Braquo (TV series) (2009-)


Wow! What an absolute stunning piece of television this. I could literally use every superlative in the English language to lavish praise on this show, and it still wouldn’t be enough. Jean Hugues-Anglade plays Eddy Caplan, the leader of a group of Parisian police officers, who have no qualms about stepping over the line when it is required.


They spring into action when their colleague Max commits suicide after being mercilessly persecuted by Internal Affairs, which is headed by the slimy and borderline socio-pathicĀ  Roland Vogel (Geoffroy Thiebaut). The team seek to do whatever it takes in clearing Max’s name, even murder. They are a team held together by a strong bond, and clearly have morals of which they never waver. They all have flaws, some which threaten to bring them down on occasion, but it’s their togetherness which carries them through.


The action is nothing short of breathtaking. It is visceral stuff, and doesn’t skimp on the gore or sex. The acting is top notch from everyone, there is not one character I would say that lets the side down. The story-lines are equally gripping, showing that sometimes the police and criminals are more alike than either would care to admit.


The creator of the show, Olivier Marchal, is a former police officer, so the attention to detail is second to none. It’s this meticulousness which really gets across the shows quality. I really cannot recommend this series enough. I did start watching it when it was showing on FOX. I am now on season 3 which was graciously provided by the wonderful folks over at Season 1 and 2 are available to buy now and season 3 is available to pre-order now, due for release on July 21st. It is a show I highly recommend. If you are a fan of The Wire or The Shield, then you will absolutely love Braquo.




Severance (2006)

Tim McInnerny, Babou Ceesay, Andy Nyman, Claudie Blakely, Laura Harris and Danny Dyer in SEVERANCE

A group of work colleagues from a weapons company called Palisade Defence, are on a team building exercise in Eastern Europe. After the bus drops them off due to the road being blocked, the group decide to walk the rest of the way to the house they’ll be staying at during their trip. However they go to the old house that was used for the employees, and not the new one that they’re boss is waiting at. When they get there, the house is empty and covered in dust and mold. The group begin to settle in and explore the house.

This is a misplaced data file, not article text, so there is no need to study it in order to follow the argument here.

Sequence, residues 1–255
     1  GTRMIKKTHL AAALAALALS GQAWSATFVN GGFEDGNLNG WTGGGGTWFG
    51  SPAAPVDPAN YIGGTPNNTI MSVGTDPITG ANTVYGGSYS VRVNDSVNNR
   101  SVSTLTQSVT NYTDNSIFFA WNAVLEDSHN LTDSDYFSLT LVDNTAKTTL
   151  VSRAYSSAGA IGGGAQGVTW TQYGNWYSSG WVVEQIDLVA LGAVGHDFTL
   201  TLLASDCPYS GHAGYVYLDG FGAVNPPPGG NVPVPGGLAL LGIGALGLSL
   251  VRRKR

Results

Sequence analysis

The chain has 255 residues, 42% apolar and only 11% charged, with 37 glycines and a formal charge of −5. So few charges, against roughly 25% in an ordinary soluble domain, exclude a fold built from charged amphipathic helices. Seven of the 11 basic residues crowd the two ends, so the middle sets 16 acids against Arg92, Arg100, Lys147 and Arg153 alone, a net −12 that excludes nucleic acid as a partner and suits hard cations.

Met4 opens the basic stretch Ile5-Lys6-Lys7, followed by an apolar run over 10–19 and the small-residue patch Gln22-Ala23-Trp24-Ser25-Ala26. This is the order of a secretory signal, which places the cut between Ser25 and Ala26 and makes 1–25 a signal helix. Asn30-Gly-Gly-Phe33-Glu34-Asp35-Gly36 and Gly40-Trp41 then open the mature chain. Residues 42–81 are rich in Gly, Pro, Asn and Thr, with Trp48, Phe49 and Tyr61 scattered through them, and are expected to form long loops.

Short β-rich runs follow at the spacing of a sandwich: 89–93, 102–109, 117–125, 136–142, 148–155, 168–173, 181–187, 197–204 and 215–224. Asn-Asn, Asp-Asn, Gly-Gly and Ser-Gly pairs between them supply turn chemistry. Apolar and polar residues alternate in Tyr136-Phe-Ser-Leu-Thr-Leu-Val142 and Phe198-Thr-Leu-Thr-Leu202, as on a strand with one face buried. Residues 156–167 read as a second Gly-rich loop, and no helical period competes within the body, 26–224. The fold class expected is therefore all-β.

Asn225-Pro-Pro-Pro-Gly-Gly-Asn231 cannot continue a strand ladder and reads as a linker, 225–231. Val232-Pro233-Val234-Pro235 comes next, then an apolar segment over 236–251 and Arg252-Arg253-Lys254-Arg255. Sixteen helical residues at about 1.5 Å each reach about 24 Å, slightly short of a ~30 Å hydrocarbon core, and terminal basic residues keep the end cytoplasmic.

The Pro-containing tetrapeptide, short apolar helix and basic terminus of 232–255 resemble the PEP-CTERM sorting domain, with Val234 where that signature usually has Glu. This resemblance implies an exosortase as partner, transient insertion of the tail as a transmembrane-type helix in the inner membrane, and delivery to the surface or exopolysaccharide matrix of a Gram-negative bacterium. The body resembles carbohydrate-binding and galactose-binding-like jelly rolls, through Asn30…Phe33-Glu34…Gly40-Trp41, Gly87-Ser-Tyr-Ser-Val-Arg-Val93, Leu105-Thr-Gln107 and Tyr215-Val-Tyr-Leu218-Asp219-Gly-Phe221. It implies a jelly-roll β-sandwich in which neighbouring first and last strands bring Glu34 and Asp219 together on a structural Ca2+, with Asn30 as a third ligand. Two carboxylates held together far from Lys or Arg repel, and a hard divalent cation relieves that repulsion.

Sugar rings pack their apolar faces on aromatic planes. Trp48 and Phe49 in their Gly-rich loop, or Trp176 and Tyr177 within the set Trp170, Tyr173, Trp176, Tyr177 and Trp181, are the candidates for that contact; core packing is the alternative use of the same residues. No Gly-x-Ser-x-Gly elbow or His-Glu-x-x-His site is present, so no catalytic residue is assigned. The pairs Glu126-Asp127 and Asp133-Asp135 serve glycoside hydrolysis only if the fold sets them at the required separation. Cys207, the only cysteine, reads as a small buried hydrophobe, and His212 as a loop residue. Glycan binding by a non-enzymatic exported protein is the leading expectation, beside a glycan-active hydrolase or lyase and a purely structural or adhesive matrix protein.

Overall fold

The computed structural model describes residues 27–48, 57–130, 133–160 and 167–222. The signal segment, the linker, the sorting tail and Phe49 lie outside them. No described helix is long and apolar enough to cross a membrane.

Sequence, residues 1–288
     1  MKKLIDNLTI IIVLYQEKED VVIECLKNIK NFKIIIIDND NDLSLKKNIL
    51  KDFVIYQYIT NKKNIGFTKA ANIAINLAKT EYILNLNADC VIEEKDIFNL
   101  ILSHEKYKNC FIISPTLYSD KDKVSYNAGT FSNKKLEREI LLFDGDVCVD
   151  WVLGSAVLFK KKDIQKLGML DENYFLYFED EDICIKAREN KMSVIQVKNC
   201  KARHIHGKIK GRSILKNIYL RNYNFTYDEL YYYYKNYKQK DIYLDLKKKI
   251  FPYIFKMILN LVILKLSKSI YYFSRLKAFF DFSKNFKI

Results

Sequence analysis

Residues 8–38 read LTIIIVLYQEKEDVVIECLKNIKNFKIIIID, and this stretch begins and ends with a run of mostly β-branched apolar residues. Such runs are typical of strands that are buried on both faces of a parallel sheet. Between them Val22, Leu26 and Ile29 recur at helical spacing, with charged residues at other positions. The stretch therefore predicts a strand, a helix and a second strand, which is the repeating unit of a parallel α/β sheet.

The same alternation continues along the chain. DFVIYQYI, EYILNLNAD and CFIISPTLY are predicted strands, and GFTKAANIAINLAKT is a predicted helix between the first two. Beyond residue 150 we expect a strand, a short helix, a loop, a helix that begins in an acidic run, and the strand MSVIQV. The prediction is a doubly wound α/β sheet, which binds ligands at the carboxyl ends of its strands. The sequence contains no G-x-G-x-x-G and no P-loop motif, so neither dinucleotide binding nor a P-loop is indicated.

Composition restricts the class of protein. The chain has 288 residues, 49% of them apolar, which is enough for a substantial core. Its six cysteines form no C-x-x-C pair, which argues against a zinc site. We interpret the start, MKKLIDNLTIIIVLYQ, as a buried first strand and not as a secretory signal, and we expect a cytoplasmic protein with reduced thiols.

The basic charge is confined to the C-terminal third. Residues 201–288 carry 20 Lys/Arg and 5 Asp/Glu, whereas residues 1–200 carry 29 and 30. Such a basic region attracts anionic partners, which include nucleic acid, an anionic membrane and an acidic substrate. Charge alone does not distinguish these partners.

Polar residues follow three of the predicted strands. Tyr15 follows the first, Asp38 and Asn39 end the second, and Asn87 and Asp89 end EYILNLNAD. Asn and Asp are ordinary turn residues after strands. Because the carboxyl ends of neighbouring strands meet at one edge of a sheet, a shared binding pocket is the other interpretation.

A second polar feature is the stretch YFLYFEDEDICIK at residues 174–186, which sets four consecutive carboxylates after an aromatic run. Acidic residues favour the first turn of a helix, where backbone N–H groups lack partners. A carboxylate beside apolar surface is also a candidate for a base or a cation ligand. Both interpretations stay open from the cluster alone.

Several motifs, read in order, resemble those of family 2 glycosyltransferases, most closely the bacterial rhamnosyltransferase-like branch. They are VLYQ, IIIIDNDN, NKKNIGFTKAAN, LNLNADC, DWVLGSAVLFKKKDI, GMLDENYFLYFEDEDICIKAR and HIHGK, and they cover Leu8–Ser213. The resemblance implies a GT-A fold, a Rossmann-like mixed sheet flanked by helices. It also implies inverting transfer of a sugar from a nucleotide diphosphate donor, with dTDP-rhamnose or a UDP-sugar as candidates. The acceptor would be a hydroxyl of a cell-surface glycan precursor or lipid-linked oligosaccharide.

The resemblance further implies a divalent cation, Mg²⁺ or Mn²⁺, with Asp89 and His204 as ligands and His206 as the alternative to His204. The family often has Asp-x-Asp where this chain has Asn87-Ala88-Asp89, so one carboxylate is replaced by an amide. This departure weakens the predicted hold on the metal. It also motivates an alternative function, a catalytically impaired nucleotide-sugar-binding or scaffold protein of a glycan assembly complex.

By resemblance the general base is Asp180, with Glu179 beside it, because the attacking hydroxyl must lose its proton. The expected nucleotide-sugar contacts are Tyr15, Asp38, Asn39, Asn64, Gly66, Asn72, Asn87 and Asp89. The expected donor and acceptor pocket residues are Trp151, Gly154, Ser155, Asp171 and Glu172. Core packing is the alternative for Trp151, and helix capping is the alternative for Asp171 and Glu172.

Things however begin to take a sinister turn, as the group realises that there is someone else out in the woods that is watching them. As they explore the house, they find that the company they work for were involved in some very dubious experiments many years before. Now the people that were experimented on want their revenge, and will do anything possible to see the whole group decimated.


I must say I really like this movie. For me it’s Danny Dyer’s best role. Okay I know that’s not saying much but he really gives a good performance and has some hilarious lines. He’s brave when he needs to be and is consistently funny throughout. The supporting cast are great too. Laura Harris plays Maggie, who is great in the role. You also have Tim McInnerny, Toby Stephens, Andy Nyman, who all really get into their roles.


The action is really well put together, and there is some great gore. There are also some really funny moments, including one where Andy Nyman’s character Gordon, bakes a pie he “found” in a cupboard. I think if there are people out there that haven’t seen this film, then I highly recommend it as it’s well worth watching.




A Serbian Film (2010)


I don’t smoke, well not all the time anyway. However I can tell you that I needed a cigarette after viewing this. I no bloody prude, not by a country mile, but this film was almost a bridge too far for me. It challenged me like no other film I’ve seen before. Hollywood this ain’t. There are scenes here, and bear in mind this is the cut version, that’ll make your fucking head spin. I always thought I could pretty much watch anything that the film world could throw at me, but this was by far one of, if the toughest things I’ve had to endure.


I’m not bigging this up you understand? Certain films have done that in the past. Both A Clockwork Orange and Last House on the Left have been touted to being very hard to watch. Not for me. Maybe I’ve become desensitised I don’t know, but both the aforementioned movies did little to shock me. A Serbian Film is a different beast.


The film begins with retired porn star Milos (Srdjan Todorovic) being approached by an old friend with an offer to star in a new porn film. Being touted as ‘art porn’ by it’s director Vukmir (Sergej Trifunovic), the film will require Milos to just do what he does best. He is offered a lot of money but not told what the film is about as Vukmir believes he’ll elicit a more honest performance. Milos is not comfortable with the idea of not knowing what the film is about as he has a wife and small child and doesn’t want anything to jeopardise that. When Milos tells his wife how much money he was offered she encourages him to take the role. The film starts off tame enough, but as it goes on Vukmir gets Milos to commit more depraved acts in the name of art. When Milos tries to back out, it kick starts a series of brutal events which will not end well. Milos becomes a man who realised he lost his soul years ago, and his attempt at redemption only drags him further into despair.